I’m a veteran of three SCBWI New York conferences. I’d like to attend more, but my schedule and day job won’t allow for it. But I still think its well worth the effort. It gives me chance to meet other people in the industry and gives me a better perspective of what’s going on with children’s books in general.
The SCBWI Conference was held in a new location, at the Grand Hyatt on 42nd St. I have to say that I’m a fan of this new location. It had a better layout than the last location I was at on 6th Avenue and it had better amenities. I hope SCBWI picks this location again for its conference next year.
Anyway, the main thing I came away with from the conference is that the children’s book publishing industry is still in fairly good shape. There have been layoffs at some of the houses, but the overall consensus was this is a necessary adjustment being that many industries are being forced to tighten their belts. Also, children’s books may fare better than adult publishing through this recession, because parents tend not to skimp on their children. So a parent may forego buying a book for themselves, but they’ll probably still buy a book for their kids. Also, there will still be distribution opportunities for libraries and schools as well. So as someone who will be releasing their first book in the middle of a nasty recession, that made me feel a little better about my book’s chances.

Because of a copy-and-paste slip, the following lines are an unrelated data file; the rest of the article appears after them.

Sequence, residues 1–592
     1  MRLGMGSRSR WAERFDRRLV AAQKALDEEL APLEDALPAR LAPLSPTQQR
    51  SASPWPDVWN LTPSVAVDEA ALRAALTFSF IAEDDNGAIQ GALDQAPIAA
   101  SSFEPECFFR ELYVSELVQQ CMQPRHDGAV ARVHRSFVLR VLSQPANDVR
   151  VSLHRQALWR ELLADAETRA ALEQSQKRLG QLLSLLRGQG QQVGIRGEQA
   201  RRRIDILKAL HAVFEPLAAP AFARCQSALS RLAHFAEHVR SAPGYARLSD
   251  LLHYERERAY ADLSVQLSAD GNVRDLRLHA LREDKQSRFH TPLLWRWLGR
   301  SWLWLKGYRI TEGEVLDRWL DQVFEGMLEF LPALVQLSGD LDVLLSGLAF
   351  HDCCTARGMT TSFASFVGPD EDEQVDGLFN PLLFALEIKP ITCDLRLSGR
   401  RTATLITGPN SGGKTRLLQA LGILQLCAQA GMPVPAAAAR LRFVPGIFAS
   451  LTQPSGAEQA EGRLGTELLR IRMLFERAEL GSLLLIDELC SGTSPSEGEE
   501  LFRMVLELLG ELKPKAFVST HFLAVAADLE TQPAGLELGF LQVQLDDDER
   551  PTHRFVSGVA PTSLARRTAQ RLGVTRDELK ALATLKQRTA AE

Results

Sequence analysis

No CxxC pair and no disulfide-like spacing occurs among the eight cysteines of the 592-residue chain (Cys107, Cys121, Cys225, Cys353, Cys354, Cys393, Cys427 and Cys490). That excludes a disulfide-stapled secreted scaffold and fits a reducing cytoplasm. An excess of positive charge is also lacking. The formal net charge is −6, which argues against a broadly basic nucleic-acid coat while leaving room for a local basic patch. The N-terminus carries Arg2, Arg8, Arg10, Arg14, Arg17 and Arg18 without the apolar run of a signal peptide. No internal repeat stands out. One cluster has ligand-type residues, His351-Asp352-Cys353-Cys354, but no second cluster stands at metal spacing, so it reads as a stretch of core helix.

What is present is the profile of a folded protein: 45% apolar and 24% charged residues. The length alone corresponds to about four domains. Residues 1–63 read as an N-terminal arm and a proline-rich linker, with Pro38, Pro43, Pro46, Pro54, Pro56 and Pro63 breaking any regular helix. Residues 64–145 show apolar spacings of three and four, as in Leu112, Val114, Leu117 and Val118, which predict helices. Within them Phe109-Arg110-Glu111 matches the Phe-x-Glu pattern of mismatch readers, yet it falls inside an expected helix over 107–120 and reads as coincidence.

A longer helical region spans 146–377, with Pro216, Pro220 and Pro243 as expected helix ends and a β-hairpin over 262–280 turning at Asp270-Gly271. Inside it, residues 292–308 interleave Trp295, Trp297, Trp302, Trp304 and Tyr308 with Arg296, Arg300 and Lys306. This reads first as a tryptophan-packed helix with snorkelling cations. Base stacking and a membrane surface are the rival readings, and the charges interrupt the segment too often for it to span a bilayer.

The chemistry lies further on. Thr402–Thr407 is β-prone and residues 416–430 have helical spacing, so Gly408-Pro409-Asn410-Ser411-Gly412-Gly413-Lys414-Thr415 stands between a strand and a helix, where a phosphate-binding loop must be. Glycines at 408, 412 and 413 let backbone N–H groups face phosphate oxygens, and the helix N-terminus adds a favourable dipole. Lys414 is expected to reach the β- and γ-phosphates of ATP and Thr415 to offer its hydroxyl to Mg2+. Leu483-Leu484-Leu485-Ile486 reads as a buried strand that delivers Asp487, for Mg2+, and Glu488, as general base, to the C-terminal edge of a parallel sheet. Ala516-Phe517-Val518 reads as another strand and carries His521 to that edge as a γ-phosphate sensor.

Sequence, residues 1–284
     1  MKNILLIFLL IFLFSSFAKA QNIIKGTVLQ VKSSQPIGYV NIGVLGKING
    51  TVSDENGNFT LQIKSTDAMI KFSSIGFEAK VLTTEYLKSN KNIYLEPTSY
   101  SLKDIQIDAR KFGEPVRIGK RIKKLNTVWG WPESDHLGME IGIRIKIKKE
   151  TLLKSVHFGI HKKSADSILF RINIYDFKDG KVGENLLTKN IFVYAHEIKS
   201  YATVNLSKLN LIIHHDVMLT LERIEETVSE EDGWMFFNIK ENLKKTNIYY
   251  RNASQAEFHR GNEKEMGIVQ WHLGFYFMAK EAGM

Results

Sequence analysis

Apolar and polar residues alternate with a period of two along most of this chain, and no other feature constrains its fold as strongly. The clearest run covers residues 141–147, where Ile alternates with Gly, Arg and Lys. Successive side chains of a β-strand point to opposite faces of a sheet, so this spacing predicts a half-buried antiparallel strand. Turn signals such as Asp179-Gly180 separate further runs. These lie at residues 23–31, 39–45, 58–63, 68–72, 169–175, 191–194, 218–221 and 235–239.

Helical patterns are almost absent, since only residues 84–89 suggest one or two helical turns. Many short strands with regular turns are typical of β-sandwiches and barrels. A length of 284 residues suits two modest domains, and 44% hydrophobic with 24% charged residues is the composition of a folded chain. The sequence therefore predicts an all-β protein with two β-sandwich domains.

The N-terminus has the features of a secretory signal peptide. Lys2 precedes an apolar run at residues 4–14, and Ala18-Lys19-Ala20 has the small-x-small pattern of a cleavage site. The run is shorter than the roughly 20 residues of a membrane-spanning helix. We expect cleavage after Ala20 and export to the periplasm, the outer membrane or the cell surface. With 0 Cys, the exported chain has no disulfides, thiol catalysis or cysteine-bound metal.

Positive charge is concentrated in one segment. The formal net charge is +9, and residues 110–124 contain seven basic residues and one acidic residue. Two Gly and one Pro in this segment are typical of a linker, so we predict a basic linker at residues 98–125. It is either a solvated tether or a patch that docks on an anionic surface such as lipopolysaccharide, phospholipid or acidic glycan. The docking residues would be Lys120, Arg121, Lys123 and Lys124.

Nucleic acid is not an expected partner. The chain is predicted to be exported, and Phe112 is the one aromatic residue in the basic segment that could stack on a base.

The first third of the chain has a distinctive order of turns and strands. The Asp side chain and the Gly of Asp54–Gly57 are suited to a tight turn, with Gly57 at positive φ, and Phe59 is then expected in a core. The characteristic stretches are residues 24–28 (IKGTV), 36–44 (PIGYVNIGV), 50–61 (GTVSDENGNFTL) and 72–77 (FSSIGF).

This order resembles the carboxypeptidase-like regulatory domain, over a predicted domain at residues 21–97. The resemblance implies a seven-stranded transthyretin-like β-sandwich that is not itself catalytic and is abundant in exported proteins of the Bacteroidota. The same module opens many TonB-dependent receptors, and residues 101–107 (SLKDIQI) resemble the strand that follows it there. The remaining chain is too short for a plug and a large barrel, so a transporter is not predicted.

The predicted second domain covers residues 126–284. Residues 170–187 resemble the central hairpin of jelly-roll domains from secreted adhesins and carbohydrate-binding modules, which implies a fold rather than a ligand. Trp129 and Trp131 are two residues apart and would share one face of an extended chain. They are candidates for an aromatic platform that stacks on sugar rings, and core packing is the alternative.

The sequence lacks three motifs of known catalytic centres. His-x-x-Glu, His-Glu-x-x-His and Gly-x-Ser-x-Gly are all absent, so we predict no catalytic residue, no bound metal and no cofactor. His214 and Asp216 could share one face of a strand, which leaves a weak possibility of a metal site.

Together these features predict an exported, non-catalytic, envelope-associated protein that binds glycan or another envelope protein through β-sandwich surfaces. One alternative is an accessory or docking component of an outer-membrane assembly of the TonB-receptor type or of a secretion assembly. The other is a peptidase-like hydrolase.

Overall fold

But the effects of the economy were still very evident at the conference. I attended a workshop with an editor at Delacorte who informed us halfway through the workshop that she had been laid off last week and couldn’t accept any submissions from us. She gave us her former boss’s email address to send submissions to instead. I felt sorry for that editor. Having to do that workshop must have been terrible, knowing that you have no job but you still have to represent your former company. But I also felt terrible for the attendees who wanted to submit to Delacorte. There was no real connection or networking opportunities to made from this workshop. I feel like everyone involved got short-changed here.
But I’d say that overall, the conference was a success and I took a lot away from it. I’m already looking forward to next year.